Thanks, I thought so, but was not sure anymore. My submarine fascination days have been a while ago. So I could not quite remember anymore.

DeltaV
Posts: 2245
Joined: Mon Oct 12, 2009 5:05 am

Postby DeltaV » Mon May 10, 2010 7:47 pm

http://en.wikipedia.org/wiki/RDX

RDX was used by both sides in World War II.

BBC: 'Explosive traces found' in sunken South Korean warship

"It is true that RDX, a chemical substance used in making torpedoes, has been detected," Mr Kim told reporters.

"The possibility of a torpedo (attack) has increased, but it's too early to say anything."

A spokesman for the investigative team, Rear Adm Moon Byung-ok, said mines used RDX too, so further examination was necessary.

Diogenes
Posts: 6953
Joined: Mon Jun 15, 2009 3:33 pm
Location: Ft. Sill Oklahoma

Postby Diogenes » Mon May 10, 2010 9:39 pm

This is really a stretch for this topic thread, but I thought this story was interesting and I thought some of you might find it interesting as well.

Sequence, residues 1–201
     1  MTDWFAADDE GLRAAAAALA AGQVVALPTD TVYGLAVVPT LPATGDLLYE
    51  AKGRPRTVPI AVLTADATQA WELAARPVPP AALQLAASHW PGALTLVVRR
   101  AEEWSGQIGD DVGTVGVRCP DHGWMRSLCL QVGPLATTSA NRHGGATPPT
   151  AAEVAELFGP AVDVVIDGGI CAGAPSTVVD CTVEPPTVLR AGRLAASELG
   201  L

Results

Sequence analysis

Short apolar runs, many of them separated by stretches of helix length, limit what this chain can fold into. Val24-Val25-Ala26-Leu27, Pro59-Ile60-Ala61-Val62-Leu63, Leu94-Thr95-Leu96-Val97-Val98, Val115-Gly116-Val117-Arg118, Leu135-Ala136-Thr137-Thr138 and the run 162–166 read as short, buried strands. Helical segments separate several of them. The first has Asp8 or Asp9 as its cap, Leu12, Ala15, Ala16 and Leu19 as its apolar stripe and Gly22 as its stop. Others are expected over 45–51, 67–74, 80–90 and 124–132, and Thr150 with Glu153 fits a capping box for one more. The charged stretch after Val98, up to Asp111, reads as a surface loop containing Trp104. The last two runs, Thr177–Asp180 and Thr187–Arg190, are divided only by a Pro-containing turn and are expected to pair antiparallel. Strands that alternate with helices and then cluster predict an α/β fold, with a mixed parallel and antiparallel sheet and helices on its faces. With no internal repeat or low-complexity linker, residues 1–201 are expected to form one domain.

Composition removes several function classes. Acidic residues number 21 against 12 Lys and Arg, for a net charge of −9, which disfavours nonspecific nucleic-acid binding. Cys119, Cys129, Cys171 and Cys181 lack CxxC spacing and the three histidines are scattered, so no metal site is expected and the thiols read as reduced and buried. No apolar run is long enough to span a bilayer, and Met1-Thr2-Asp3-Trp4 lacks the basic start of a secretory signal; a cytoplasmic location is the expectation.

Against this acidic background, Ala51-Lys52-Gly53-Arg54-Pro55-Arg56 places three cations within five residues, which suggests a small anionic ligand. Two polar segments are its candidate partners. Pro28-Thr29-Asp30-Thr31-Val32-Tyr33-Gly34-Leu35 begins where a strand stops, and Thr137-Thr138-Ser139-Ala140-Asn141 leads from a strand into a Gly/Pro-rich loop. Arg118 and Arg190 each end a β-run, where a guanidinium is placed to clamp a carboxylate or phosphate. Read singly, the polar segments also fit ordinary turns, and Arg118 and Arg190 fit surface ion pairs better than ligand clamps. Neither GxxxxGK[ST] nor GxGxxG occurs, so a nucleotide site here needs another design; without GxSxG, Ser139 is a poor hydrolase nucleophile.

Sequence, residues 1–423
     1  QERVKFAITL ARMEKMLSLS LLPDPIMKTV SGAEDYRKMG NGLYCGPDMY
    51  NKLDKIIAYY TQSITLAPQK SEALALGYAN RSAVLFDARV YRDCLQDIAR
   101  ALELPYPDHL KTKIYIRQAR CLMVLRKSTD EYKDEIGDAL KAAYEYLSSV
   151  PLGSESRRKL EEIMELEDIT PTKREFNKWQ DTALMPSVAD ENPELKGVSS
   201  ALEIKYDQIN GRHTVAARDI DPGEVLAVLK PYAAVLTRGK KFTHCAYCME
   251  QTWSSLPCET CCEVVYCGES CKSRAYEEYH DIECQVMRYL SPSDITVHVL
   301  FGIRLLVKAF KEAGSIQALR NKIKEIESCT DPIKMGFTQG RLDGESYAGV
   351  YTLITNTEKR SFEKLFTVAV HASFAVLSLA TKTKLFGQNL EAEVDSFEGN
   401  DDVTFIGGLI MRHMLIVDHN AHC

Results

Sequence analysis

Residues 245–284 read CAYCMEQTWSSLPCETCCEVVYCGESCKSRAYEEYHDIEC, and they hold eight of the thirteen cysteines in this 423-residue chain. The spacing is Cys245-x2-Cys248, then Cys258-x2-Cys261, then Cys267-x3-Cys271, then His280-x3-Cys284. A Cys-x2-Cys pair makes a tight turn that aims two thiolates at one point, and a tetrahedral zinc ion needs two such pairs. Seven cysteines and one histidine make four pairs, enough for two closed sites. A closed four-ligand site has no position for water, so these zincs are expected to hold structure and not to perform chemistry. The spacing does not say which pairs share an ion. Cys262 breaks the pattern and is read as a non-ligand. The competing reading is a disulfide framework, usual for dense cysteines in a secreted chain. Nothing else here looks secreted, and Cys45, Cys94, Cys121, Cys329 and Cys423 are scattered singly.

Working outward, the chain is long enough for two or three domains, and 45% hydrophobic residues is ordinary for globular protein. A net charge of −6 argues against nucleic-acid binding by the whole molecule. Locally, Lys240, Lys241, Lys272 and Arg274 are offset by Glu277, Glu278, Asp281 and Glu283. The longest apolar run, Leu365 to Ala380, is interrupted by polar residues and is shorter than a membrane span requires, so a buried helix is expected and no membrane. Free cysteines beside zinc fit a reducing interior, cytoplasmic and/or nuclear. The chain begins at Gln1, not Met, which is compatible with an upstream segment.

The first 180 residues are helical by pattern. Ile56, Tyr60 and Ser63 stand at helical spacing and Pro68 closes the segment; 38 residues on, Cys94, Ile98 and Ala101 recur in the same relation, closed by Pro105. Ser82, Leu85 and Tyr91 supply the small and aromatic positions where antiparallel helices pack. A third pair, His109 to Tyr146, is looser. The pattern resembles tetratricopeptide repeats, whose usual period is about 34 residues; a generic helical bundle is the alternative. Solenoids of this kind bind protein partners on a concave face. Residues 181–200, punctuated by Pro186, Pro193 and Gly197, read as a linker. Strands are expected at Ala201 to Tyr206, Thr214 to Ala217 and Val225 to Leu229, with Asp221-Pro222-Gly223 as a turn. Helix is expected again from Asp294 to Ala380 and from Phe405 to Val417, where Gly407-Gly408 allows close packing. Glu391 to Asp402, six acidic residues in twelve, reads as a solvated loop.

http://hotair.com/greenroom/archives/20 ... 0%99s-bad/

choff
Posts: 2410
Joined: Thu Nov 08, 2007 5:02 am
Location: Vancouver, Canada

Postby choff » Tue May 11, 2010 1:10 am

Getting back to the original topic a bit. Maybe they could contain the oil leak by setting off a small tac nuke on the sea floor, right at the well head. Seal off the leak by melting the local sea floor into solid glass.
CHoff

hanelyp
Posts: 2237
Joined: Fri Oct 26, 2007 8:50 pm

Postby hanelyp » Tue May 11, 2010 4:34 am

choff wrote:Getting back to the original topic a bit. Maybe they could contain the oil leak by setting off a small tac nuke on the sea floor, right at the well head. Seal off the leak by melting the local sea floor into solid glass.

I'd be concerned with fracturing the bedrock allowing more seepage from areas surrounding the well.

JCee
Posts: 16
Joined: Fri Jul 18, 2008 2:32 am

Postby JCee » Fri May 14, 2010 2:48 pm

Back on the South Korea Corvette that was sunk the South Korean government investigation has concluded that the ship was sunk by a YU-3 Torpedo. But has not proven who fired the torpedo (LOL groan).


http://www.businessinsider.com/south-ko ... nan-2010-5


Return to “General”

Who is online

Users browsing this forum: No registered users and 13 guests